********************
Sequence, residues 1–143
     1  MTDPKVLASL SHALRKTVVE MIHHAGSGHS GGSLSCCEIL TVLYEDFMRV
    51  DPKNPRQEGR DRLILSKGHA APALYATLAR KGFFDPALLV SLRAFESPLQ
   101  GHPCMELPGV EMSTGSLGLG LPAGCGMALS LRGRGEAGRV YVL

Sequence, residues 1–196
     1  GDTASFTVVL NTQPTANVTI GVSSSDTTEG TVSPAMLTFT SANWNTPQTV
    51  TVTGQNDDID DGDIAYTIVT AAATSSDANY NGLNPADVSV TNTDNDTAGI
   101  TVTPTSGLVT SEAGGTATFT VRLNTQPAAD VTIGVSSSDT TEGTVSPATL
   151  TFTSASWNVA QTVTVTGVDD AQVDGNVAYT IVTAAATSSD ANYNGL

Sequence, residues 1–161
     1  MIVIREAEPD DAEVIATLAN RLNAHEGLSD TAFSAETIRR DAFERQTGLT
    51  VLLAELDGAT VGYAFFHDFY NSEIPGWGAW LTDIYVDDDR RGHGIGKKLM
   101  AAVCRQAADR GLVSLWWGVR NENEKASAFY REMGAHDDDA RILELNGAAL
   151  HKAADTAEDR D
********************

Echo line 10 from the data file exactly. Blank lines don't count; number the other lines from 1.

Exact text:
Sequence, residues 1–161